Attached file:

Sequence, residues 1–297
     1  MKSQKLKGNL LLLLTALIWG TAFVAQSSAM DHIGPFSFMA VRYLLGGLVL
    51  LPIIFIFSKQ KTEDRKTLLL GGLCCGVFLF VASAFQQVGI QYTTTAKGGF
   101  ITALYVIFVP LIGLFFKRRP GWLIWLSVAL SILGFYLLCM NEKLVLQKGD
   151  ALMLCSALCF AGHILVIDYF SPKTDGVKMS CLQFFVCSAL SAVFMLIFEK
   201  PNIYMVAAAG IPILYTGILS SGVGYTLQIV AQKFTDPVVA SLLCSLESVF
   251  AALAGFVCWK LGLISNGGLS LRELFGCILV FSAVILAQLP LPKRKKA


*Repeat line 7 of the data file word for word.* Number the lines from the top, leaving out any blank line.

   251  AALAGFVCWK LGLISNGGLS LRELFGCILV FSAVILAQLP LPKRKKA